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Dispersion and colonisation by fungus-growing termites: Vertical transmission of the symbiont helps, but then…?

By Tania Nobre and Durr K Aanen

Abstract

The fungus-growing termites (Macrotermitinae) have developed an obligate mutualistic symbiosis with fungi (Termitomyces) and, in most cases, the symbiotic partner is collected from the environment upon establishment of a new colony (horizontal transmission). The requirement that partners are able to find and recognize each other after independent reproduction is likely to severely constrain long distance dispersal. In support of this hypothesis, we have recently shown that a single colonisation of Madagascar by fungus-growing termites has occurred. The successful colonizers belong to the genus Microtermes, known to inherit their symbiont from the parental colony (vertical transmission). However, the fungal symbionts of Madagascar were not monophyletic, as expected under strict vertical transmission. Here we further discuss these findings, and we suggest further bottlenecks to dispersion and propose a transient window for horizontal transmission for the otherwise vertically transmitted Termitomyces strains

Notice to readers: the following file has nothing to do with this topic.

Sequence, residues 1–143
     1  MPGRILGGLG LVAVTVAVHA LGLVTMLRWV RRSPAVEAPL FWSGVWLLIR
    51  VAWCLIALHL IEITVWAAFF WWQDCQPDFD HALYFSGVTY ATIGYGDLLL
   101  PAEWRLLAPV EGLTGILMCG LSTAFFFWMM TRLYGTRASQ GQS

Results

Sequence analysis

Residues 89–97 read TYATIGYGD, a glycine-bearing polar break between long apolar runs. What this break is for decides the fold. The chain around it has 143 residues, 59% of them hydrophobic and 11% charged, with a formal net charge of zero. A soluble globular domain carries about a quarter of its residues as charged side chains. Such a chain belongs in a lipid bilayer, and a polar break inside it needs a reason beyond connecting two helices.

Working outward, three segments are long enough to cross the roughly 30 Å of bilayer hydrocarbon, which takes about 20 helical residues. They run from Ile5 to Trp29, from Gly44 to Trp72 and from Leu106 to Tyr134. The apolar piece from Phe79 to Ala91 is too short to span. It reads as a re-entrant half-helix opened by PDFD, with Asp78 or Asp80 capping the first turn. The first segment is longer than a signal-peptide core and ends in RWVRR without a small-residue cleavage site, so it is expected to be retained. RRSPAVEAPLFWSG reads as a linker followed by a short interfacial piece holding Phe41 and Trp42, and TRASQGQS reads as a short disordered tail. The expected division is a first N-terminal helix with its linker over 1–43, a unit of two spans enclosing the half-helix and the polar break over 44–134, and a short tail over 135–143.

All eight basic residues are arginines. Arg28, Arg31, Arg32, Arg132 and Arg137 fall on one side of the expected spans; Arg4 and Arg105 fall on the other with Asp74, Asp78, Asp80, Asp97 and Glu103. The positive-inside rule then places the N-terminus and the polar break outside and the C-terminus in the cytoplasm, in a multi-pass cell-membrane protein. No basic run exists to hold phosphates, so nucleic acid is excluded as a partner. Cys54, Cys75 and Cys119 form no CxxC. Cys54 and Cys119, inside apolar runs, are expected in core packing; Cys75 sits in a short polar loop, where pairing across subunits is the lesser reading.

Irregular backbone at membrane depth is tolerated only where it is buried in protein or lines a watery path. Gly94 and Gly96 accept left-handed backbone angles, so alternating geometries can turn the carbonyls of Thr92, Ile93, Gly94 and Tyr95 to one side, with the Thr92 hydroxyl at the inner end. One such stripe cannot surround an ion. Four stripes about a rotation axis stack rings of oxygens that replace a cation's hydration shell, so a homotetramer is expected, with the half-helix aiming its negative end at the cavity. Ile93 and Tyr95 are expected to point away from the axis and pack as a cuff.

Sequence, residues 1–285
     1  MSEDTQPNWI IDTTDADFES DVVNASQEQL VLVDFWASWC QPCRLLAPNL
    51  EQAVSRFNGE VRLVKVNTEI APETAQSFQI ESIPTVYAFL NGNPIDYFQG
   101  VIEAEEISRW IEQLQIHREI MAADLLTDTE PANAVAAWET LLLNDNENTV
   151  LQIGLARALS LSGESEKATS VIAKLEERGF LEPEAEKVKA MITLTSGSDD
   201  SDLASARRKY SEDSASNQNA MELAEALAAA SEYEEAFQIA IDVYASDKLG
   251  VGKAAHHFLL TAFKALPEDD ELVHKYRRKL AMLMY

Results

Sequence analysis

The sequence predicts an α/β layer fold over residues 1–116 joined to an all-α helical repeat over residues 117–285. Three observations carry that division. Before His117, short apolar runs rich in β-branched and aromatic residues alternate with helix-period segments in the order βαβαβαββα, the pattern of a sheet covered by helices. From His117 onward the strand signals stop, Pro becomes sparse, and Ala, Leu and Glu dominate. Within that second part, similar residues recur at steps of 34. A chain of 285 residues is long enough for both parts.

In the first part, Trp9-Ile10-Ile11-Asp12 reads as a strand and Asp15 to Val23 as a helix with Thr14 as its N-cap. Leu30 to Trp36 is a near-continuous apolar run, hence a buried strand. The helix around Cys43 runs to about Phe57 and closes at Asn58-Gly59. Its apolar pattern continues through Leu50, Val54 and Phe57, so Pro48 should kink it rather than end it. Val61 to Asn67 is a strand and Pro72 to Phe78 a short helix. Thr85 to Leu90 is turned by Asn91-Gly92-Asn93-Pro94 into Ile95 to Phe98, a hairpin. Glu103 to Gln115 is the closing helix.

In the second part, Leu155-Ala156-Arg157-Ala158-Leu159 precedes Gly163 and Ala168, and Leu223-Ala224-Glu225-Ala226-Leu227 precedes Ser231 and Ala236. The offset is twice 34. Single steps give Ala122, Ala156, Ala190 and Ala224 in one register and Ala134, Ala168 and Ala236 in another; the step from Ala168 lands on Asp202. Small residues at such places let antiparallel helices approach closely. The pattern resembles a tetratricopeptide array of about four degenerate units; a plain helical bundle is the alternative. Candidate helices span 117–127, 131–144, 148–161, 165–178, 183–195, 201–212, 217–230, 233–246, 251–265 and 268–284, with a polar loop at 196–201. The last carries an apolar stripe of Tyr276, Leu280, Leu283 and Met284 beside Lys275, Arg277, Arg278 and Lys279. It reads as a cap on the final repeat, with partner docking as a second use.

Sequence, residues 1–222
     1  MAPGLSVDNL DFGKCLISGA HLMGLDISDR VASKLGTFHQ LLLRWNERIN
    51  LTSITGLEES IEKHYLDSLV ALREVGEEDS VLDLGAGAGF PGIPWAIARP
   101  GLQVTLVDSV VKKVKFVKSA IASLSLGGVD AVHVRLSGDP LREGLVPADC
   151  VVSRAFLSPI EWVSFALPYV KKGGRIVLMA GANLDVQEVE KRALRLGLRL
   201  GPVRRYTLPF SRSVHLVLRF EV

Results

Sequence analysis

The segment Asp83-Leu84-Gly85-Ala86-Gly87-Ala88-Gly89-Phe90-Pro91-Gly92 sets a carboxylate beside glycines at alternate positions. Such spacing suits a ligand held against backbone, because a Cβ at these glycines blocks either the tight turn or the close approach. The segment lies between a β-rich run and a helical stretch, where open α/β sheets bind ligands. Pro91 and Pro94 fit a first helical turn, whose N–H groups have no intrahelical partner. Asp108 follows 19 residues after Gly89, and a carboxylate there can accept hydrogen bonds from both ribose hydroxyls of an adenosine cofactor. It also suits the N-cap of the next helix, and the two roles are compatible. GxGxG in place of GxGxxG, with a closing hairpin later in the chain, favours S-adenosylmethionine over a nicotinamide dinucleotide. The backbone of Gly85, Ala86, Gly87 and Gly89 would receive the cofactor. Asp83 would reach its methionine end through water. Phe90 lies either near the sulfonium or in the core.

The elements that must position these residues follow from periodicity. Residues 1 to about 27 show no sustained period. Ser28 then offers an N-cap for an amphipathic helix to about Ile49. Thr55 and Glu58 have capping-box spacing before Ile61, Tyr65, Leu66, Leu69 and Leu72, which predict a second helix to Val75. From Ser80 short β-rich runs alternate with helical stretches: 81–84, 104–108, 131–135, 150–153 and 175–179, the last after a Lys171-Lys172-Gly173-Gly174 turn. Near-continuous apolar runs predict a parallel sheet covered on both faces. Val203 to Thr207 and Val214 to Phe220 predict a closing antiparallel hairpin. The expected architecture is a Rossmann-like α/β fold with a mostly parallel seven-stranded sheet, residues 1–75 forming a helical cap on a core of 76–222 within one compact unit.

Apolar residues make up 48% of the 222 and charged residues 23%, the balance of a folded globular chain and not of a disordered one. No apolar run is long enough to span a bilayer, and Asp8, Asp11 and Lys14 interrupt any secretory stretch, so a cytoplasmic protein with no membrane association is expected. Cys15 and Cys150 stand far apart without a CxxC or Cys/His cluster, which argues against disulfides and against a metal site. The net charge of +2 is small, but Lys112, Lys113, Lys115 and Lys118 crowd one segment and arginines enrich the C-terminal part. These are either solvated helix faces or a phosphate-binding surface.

Topics: Article Addendum
Publisher: Landes Bioscience
OAI identifier: oai:pubmedcentral.nih.gov:2918769
Provided by: PubMed Central
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